The American Numismatic Association auction has traditionally been
one of the biggest sales of the year, a showcase event for important
coins. While most ANA auctions can boast at least a few noteworthy
Colonial-era rarities, only a few ANA sale catalogs are must-haves for
a Colonial reference library.
John Adams’ reference, United States Numismatic Literature, Volume
II, rates every ANA sale conducted between 1907, when dealer Ben Green
held the first such event, and 1950. The Adams reference rates
auctions on an A through C- basis in a variety of numismatic
specialties. Just one of those sales merited an A for Colonials: the
1947 event by Numismatic Gallery, the partnership of Abe Kosoff and
Abner Kreisberg. Held in Buffalo, N.Y., the 1947 ANA auction included
the collection of Robert R. Prann of Puerto Rico, an advanced Colonial
specialist. Prann’s consignment included six Sommer Island coins, two
New England shillings, a New England sixpence, a Willow Tree sixpence,
a George Clinton copper, two Standish Barry threepences, six Higley
coppers and more than a hundred other nice Colonials.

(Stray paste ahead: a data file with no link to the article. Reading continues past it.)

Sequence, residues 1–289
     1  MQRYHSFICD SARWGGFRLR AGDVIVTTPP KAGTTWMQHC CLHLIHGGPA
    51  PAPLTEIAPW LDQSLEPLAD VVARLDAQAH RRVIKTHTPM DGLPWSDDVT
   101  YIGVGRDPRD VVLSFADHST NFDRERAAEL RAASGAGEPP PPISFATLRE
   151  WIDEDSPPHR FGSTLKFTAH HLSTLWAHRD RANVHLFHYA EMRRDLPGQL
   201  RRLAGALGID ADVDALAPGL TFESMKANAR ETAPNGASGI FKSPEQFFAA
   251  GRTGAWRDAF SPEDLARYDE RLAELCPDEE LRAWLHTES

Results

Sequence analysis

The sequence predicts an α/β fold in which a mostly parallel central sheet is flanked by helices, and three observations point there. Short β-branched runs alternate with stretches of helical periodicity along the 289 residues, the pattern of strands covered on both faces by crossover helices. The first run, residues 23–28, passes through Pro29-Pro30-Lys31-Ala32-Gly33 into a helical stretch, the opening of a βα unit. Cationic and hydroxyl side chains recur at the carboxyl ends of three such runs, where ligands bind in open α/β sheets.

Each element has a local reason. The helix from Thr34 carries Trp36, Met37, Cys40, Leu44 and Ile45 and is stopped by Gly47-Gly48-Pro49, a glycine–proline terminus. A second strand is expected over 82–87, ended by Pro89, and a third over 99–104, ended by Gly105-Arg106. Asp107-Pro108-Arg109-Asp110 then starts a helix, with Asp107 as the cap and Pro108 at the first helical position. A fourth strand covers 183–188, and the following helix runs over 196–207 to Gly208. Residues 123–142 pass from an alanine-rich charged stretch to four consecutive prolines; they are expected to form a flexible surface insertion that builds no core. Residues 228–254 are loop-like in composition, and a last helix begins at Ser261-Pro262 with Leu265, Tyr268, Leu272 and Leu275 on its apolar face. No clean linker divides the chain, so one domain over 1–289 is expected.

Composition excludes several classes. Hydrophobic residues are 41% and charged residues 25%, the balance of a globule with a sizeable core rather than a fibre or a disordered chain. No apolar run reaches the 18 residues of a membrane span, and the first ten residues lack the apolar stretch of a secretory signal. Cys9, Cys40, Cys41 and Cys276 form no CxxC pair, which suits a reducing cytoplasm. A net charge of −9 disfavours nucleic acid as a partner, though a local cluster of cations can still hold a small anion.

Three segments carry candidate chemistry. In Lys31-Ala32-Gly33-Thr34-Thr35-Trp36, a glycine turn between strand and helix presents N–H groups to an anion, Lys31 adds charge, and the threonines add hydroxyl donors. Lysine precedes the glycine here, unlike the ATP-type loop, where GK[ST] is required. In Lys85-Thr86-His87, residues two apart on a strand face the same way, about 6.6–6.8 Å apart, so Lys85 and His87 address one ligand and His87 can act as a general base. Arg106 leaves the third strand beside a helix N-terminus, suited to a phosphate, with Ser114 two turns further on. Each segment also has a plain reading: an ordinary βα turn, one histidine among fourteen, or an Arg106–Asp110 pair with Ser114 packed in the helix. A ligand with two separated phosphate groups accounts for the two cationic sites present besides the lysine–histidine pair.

The cataloging was meager and only a few lots were photographed.
In fact, among the highlights just mentioned, the only ones to get
pictures were a single Sommer Islands shilling and the George Clinton copper.
Five years later, the ANA convention in New York featured the best
cataloged and most comprehensive ANA auction yet. The 1952 ANA sale,
catalogued by New Netherlands Coin Co. and three other firms, is best
known today for including Homer Downing’s large cents. Its superb
Colonials are not as well known: a Willow Tree shilling and several
beautiful Pine Tree shillings, a 1785 Confederatio copper, a brass
Continental dollar, a 1792 Roman Head cent, and two 1792 Getz
patterns, all cataloged by the team of John J. Ford Jr. and Walter Breen.
The ANA show was back in New York City in 1976, and perhaps the
most important Colonial offering of any ANA sale hit the block in the
sale by Stack’s. It included pieces from the Massachusetts Historical
Society, the Museum of Fine Arts in Boston and the estate of Carl
Wurtzbach. The rarities alone make this a must-have for Colonial
enthusiasts: a St. Patrick farthing in gold, a 1714 Gloucester token,
a New Jersey Immunis Columbia, a Standing Indian/New York Arms copper,
and more. The Colonial section represented just the first 130 lots,
but what a 130 lots they were!
Perhaps the most noteworthy collection of Colonials in a more
modern ANA auction was the 2010 offering of the Edward Roehrs
Collection of regulated gold coins by Heritage Auctions, the largest
offering of such material ever sold.
John Kraljevich Jr. is an independent professional numismatist and
researcher specializing in early American coinage.